A teacher lives a lonely life, all the while struggling over his son's custody. His life slowly gets better as he finds love and receives good news from his son, but his new luck is about to be brutally shattered by an innocent little lie.
Thomas Bo Larsen,
An aspiring author during the civil rights movement of the 1960s decides to write a book detailing the African-American maids' point of view on the white families for which they work, and the hardships they go through on a daily basis.
A motorcycle stunt rider turns to robbing banks as a way to provide for his lover and their newborn child, a decision that puts him on a collision course with an ambitious rookie cop navigating a department ruled by a corrupt detective.
What Maisie Knew is a contemporary New York City revisioning of the Henry James novel by the same name. It revolves around unwitting 7-year-old Maisie, caught in the middle of a custody battle between her mother Susanna, an aging rock star, and her father, Beale, a major art dealer. Written by
Greetings again from the darkness. An ultra-modern update of the 1897 Henry James novel introduces us to parents we know, but wish we didn't. Steve Coogan plays Beale, a self-absorbed art dealer. Julianne Moore plays Susanna, a self-absorbed rock star. OK, you and I may not know art dealers and rock stars, but we know self-absorbed types and we know they make terrible parents. So not only do we know it, but it's also what Maisie knows.
Five outstanding performances and strong work by co-directors Scott McGhee and David Siegel prevent this one from spinning off into the neverlands of melodramatic muck. Onata Aprile is a wonder as Maisie. She displays none of the typical "movie kid" precociousness. The movie (and James novel) are told from her point of view. We see the fragmented bits and pieces she experiences as her parents fight. Rather than a full story, we share her moments of late pick-ups, early drop-offs and forgotten trips.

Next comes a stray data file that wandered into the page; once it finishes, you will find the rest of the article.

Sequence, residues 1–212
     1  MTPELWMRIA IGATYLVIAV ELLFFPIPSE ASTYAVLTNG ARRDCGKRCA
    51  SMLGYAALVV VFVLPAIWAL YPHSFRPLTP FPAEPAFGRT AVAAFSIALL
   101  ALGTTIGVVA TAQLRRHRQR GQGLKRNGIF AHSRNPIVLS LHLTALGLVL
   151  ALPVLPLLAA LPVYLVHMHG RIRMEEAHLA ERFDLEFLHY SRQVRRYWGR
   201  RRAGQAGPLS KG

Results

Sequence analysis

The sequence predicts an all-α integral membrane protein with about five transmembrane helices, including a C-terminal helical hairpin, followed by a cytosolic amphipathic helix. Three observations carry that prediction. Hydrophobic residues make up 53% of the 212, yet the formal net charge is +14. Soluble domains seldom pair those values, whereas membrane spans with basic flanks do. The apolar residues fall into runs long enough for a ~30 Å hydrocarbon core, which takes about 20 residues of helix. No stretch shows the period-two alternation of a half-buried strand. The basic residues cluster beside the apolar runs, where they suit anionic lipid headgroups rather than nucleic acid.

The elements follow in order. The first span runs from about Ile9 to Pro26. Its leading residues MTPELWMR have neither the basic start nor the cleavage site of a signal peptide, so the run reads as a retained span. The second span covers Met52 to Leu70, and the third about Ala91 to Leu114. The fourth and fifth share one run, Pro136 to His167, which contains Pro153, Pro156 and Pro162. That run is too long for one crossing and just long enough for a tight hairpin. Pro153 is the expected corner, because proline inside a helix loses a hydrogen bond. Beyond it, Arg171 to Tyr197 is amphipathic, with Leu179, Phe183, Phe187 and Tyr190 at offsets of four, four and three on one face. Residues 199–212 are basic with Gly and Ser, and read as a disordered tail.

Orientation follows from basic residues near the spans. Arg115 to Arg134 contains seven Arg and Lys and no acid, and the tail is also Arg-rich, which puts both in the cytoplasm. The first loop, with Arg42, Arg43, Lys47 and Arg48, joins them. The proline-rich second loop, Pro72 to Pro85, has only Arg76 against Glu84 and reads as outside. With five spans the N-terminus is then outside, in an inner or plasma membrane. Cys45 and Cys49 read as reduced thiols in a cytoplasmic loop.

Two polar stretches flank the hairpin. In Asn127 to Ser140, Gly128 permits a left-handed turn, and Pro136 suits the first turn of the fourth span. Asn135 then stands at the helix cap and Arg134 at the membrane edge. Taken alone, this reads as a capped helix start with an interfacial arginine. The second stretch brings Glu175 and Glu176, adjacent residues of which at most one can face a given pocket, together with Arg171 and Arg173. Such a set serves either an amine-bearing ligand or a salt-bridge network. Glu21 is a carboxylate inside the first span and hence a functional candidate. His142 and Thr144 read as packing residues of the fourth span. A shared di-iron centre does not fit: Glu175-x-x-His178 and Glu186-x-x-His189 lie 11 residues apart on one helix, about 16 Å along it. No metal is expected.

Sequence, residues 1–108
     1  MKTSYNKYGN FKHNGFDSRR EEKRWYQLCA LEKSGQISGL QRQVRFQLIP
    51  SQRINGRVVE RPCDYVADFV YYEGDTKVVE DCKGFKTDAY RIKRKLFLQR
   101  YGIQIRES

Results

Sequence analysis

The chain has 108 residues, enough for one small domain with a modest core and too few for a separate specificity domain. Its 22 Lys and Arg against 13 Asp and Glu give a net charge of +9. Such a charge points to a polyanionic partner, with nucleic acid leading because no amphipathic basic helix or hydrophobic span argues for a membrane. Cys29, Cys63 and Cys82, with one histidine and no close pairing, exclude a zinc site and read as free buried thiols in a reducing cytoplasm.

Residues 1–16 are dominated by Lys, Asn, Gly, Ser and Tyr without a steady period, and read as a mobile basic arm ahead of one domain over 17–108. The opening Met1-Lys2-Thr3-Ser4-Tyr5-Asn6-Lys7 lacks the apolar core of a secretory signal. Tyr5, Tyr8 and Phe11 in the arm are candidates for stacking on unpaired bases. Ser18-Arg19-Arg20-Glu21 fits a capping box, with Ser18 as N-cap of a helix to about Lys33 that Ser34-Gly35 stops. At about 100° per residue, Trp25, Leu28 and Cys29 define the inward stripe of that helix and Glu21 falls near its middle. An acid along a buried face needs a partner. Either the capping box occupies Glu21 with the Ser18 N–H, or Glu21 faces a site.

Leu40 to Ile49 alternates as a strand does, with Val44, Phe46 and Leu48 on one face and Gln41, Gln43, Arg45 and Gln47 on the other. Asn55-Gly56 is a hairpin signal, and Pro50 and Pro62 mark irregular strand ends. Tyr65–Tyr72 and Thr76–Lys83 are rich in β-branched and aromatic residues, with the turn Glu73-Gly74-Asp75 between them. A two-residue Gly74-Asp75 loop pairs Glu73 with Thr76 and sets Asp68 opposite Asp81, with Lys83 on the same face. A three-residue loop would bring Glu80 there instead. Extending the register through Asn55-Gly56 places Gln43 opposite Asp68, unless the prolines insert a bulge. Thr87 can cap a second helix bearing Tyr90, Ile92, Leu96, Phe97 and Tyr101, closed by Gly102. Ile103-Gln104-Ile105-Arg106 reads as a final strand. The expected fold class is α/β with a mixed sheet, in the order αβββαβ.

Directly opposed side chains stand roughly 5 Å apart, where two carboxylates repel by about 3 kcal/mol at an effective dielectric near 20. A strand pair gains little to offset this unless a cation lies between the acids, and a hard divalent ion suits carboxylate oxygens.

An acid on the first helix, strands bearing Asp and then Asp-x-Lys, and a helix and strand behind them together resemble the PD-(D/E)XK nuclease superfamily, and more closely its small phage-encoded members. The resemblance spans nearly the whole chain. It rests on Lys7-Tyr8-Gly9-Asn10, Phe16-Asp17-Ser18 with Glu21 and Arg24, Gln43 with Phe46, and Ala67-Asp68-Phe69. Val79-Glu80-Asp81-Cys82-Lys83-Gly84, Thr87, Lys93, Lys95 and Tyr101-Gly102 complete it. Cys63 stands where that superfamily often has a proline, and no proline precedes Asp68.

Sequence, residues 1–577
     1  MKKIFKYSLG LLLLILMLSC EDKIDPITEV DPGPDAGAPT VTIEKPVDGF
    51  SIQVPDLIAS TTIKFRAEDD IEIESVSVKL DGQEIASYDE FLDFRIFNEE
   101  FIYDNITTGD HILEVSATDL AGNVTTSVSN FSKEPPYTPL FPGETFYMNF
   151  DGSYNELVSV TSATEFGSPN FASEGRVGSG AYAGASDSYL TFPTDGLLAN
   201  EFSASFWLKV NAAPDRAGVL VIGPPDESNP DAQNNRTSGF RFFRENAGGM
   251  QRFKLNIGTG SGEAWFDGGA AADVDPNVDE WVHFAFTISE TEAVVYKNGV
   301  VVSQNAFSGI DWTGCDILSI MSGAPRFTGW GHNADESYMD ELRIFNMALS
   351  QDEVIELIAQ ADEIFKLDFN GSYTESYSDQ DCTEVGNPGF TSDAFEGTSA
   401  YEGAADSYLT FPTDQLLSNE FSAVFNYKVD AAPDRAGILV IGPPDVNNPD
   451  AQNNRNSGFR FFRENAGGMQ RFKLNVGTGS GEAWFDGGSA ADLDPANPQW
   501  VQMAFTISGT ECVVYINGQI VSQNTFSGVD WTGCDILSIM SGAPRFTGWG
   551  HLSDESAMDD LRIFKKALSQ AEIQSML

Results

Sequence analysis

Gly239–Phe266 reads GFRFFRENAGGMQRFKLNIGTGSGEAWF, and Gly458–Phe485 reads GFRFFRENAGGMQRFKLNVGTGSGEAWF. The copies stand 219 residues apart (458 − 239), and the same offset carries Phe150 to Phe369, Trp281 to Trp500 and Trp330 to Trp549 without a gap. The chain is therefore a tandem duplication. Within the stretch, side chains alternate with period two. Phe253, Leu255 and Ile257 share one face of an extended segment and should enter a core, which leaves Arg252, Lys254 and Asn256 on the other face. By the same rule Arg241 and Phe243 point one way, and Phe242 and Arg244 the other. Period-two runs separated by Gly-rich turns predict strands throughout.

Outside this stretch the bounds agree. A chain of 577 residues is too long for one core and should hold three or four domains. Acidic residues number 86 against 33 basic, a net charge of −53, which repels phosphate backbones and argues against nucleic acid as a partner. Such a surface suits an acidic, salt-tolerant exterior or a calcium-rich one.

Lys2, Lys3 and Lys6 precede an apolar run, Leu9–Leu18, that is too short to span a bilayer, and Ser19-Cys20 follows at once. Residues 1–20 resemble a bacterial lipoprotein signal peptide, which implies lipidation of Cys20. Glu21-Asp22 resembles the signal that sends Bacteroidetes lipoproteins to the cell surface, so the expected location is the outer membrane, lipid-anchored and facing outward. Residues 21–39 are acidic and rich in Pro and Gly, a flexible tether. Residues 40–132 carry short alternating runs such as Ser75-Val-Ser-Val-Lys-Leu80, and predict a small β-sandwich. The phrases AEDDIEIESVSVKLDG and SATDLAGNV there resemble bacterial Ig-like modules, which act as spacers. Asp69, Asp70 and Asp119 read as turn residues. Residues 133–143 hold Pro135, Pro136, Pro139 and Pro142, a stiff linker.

Soon enough Beale and Susanna are divorced and the real wars begin. These despicable adults make little effort in hiding their hatred of each other from 6 year old Maisie. It becomes background noise to her life. Further proof of the epic narcissism from both, Beale soon marries Margot the nanny (played by Joanna Vanderham) and Susanna reacts by marrying Lincoln, a band gopher and bartender played by studly Alexander Skarsgard. The most startling moment of the movie occurs when Lincoln first begins playing with Maisie ... it's as if we had almost forgotten what it means to give your attention to a child.
This is not an easy film to watch ... at least if you understand that parenting means putting yourself second. The directors do a wonderful job of showing us how Maisie takes in moments and what memories she makes from these. The neglect and false moments of caring from her parents make her acceptance of the attention to her step-parents even more poignant. We can't help but hope things work out for this little girl and it's a reminder that childhood innocence cannot be recaptured once lost ... and it's worth hanging on to for as long as possible.
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